Invocation lawsuit progresses toward oral argument

Editor's note: This article has been updated to include the date of the oral argument at the Superior Court of Alaska in Anchorage.


A year after a lawsuit was first filed against the Kenai Peninsula Borough over the assembly’s invocation policy, the court is set to hear the two sides’ final arguments.

The attorneys for the plaintiffs and defendants have been filing motions in the Superior Court of Alaska in Anchorage back and forth for almost a year, moving first to U.S. District Court and then back to state court with multiple attorneys representing both parties. A trial call is scheduled for Feb. 12 and a trial scheduled for Feb. 26, according to Courtview.

The American Civil Liberties Union of Alaska filed the lawsuit in December 2016 after the Kenai Peninsula Borough Assembly passed and refused to amend a policy requiring anyone giving an invocation before its meetings to be either a member of an organization with an established presence in the borough that meets regularly for the primary purpose of exchanging religious views, or a chaplain serving the military, law enforcement agencies, fire departments, hospitals or other similar organizations. The ACLU argued that the policy was discriminatory, blocking those who were not members of established religious organizations the right to give an invocation.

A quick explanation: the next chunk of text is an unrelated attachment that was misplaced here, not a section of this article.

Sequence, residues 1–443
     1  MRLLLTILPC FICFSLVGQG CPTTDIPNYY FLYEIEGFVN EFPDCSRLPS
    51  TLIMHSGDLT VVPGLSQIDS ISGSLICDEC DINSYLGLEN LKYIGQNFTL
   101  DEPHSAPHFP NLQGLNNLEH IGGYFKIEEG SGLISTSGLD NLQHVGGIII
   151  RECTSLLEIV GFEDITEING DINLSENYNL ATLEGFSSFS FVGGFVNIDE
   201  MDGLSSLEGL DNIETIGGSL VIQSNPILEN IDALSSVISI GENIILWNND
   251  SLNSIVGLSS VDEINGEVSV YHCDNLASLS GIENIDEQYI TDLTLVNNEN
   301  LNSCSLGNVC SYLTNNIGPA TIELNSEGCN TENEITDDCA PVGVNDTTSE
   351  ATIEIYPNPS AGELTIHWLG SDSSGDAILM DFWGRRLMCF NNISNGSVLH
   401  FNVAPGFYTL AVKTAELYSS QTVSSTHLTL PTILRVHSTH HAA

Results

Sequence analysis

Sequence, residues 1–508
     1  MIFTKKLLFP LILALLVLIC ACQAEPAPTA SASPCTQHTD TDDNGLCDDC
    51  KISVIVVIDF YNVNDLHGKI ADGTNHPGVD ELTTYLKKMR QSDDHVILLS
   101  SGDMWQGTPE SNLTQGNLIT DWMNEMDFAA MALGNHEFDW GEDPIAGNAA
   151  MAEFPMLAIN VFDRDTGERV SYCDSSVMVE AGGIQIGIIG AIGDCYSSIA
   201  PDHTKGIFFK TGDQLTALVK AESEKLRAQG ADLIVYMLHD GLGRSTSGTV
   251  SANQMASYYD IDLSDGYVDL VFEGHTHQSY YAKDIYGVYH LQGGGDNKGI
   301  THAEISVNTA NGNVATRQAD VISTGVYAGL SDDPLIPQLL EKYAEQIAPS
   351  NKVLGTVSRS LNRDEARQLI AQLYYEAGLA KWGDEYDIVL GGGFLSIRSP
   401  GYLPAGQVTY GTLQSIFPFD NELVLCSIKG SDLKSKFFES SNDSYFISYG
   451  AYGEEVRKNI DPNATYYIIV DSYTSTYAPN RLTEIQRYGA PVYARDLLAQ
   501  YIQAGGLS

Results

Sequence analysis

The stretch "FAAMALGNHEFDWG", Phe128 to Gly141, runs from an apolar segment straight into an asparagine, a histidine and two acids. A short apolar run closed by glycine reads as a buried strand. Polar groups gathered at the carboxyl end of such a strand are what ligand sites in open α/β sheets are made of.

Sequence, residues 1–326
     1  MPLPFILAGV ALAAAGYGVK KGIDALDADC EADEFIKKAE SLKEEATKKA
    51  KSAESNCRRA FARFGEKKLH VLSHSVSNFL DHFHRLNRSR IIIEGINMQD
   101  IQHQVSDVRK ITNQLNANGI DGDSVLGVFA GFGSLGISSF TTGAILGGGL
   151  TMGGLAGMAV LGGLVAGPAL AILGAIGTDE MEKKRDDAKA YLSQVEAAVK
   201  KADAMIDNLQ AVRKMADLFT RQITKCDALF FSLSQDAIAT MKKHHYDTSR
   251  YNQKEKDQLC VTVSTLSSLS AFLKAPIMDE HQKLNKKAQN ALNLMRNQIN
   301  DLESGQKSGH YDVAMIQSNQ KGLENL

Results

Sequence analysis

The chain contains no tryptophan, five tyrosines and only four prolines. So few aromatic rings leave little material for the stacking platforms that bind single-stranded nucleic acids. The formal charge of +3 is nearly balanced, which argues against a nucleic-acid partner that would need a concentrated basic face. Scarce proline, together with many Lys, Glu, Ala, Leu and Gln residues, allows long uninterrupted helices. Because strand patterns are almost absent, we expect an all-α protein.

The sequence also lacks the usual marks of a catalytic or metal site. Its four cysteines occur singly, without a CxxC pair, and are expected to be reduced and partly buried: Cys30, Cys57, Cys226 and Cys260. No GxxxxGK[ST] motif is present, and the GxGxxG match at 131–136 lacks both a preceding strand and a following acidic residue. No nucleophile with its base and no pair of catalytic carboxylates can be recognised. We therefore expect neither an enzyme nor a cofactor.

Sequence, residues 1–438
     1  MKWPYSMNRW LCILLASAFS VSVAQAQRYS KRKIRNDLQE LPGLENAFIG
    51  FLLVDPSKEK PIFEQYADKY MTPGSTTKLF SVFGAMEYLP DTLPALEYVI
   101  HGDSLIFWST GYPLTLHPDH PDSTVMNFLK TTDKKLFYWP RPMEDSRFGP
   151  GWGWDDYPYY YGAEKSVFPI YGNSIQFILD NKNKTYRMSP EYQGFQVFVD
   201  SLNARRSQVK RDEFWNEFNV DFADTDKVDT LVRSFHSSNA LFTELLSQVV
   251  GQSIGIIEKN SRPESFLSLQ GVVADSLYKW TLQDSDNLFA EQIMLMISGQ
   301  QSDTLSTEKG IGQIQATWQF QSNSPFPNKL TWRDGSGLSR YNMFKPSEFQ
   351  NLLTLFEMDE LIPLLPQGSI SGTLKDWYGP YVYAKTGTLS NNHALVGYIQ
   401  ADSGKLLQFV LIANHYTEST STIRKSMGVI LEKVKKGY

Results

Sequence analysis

However, it may not go to trial at all. The primary attorney defending the borough, Anchorage-based attorney Kevin Clarkson, filed a motion for partial summary judgment on three of the four counts, and a request for oral argument. He said the borough intended to come back and address the fourth claim eventually, but the ACLU took them all on in one motion before they could.

“(Three of the claims) seem to be related from the borough’s perspective,” Clarkson said. “Really, the only question should be is there a violation of the establishment clause.”

The fundamental disagreement is over whether the borough’s institution of the invocation policy is a violation of the establishment clause, the legal term referring to the mandate in the Constitution banning the government from establishing an official religion or favoring one religion over another. The borough has argued that the policy is technically open to everyone as long as they pass the basic requirement of being part of a group that meets regularly. The ACLU argued that this violated the rights of individuals who chose not to be part of officially recognized and organized religious groups. The three plaintiffs in the case fit the bill — all three asked to give an invocation before the assembly and were denied because they were not part of established groups.

A summary judgment can be granted when neither party disagrees about the facts of the case, said Eric Glatt, the attorney on the case for the ACLU.

The ACLU opposed the borough’s request for summary judgment on those claims and cross-filed a motion for summary judgment of its own applying to all four charges. The borough filed a response on Jan. 17, after which the judge can schedule the oral argument.